The day he passed, we weren’t expecting it. He wasn’t even in the hospital he was in the recovery place. I got the call Christmas morning and my life would never be the same. That Christmas morning, after I paced around sobbing and crying and calling back and forth between my mom in NY and my brother in CA, trying to make sense of the nightmare-  I sat on my couch. I was alone, and sobbing. The Marilyn Monroe picture that had rested against the wall, on the mantle for that entire year came flying down at me. Out of nowhere, for no reason.

I started laughing. I knew it was my father. I think he got one chance from the great beyond to “contact” me, just to let me know he was there, and he was OK. Sometimes his presence is strong, or at least I hope he’s there when I talk aloud to him. This morning I was looking for a good picture of the two of us to attach to the blog and I settled on the one I have hung on my wall of us at my cousin’s wedding. I took the framed photo down to snap a pic, and hung it back up. Standing in front of the wall, the frame jumped off the wall. I put it back on my trusty thumb-tack nail. It fell again. This happened 4 times. ❤

photo (13)

I miss him all the time. Accepting he’s gone happened a while ago however it’s still hard and there are still moments of complete disbelief. A person can be a craving you have. The warmth and love that radiates from them to you is a feeling that can not always be duplicated or replaced. Even my mom knows this and when I call her sometimes to tell her something and quickly become deflated from her response, she offers “I know this is something you would have called your dad about. I’m sorry.” She doesn’t say anything WRONG, it’s just she’s not my dad.

At his memorial service we invited our friends and family to speak a little about him. There wasn’t a dry eye in the house, except of course – for me and my brother. We were hosting the event and ultimately comforting others who were dealing with their sudden grief. I remember when the emotion seemed to take over the room and people weren’t really wanting to talk more. I wanted to stand up and say “What’s wrong with you people! Tell me why you loved my dad! Tell me! Tell me!” But then I looked over at two of my “brothers” who were sobbing uncontrollably and I realized they were in the middle of it.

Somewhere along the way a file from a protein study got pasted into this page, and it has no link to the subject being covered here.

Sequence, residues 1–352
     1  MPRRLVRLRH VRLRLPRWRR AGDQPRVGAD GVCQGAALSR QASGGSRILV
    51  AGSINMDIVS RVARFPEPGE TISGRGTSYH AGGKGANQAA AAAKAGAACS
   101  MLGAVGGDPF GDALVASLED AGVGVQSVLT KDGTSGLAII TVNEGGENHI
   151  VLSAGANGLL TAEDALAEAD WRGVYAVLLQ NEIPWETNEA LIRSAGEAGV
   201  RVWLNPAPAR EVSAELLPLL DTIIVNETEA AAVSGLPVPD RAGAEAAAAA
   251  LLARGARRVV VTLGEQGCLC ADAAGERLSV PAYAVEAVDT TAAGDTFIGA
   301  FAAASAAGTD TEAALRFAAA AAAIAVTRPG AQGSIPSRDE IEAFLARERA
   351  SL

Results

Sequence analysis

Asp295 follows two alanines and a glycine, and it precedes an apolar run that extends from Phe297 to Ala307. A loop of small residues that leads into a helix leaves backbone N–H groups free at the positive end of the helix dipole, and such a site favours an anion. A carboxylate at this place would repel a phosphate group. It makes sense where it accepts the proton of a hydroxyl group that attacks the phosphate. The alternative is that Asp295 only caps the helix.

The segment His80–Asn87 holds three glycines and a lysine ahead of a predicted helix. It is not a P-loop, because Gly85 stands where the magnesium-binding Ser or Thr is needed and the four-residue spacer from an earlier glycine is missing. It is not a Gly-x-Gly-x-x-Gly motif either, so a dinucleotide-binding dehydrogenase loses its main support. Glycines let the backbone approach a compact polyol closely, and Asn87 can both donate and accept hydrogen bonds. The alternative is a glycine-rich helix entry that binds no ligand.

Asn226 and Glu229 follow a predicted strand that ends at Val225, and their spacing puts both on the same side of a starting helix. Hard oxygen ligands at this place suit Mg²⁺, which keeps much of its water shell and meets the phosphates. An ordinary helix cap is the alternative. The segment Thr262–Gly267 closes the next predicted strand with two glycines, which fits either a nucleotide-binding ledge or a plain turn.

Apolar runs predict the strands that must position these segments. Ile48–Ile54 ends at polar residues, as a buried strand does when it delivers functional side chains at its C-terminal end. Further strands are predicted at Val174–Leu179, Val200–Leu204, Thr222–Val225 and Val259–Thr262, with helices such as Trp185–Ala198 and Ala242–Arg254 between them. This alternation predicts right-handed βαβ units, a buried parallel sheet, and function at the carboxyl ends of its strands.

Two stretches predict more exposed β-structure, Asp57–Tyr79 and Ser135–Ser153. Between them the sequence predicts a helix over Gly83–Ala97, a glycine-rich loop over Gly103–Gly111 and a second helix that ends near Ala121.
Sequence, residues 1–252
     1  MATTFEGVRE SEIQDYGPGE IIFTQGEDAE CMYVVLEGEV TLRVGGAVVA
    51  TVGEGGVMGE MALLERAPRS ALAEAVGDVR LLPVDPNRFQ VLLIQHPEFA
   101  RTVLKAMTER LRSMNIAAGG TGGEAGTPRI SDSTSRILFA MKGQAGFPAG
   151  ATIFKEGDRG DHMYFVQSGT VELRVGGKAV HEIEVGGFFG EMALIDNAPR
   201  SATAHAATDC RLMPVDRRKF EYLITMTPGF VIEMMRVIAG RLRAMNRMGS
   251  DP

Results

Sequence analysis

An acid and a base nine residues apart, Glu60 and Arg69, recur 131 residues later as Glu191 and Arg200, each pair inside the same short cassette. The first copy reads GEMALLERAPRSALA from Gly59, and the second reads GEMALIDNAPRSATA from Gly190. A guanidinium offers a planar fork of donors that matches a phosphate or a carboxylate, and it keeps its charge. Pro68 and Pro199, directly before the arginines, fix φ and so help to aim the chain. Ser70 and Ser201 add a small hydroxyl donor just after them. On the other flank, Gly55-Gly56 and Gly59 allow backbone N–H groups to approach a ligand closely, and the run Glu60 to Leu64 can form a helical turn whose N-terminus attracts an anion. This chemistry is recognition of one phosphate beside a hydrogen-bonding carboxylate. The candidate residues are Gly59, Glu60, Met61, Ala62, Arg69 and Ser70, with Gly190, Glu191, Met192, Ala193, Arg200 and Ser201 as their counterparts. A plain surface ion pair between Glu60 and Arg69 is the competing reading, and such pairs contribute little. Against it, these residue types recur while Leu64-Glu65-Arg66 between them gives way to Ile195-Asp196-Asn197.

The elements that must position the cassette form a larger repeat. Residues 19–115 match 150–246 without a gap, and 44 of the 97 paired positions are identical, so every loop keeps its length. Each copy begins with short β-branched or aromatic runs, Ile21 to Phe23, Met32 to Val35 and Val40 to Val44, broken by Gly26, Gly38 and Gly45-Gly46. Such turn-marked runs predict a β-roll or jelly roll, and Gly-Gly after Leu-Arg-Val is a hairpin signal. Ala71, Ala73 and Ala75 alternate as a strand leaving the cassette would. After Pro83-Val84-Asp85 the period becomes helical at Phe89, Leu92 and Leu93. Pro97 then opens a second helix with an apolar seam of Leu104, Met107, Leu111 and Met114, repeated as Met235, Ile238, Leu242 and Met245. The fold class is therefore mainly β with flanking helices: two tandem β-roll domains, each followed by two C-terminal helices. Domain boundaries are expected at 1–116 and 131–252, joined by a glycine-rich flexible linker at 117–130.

I stood up to end the presentation. The night before, spending all of our time cutting out Pittsburgh Steeler themed decorations I hadn’t prepared a speech. Luckily, I’m pretty good with words… So in closing I blabbed about who knows what all I rememeber is I ended with something like “If you take anything away from the life of my father please let it be the way that he lived. He lived from his heart and wanted everybody to, too. Go out into the world with a piece of Big Joe and love others, give everyone the benefit of the doubt, accept them and encourage them.”

Such a good man, that I came from. It’s unbearably sad when I realize all the things he’ll miss in his children and eventually grandchildren’s life. However the good news is they say that daughters marry their dad, so I know I have a good man coming!

Have a great day, enjoy it, eat some candy, watch NCIS, live with love.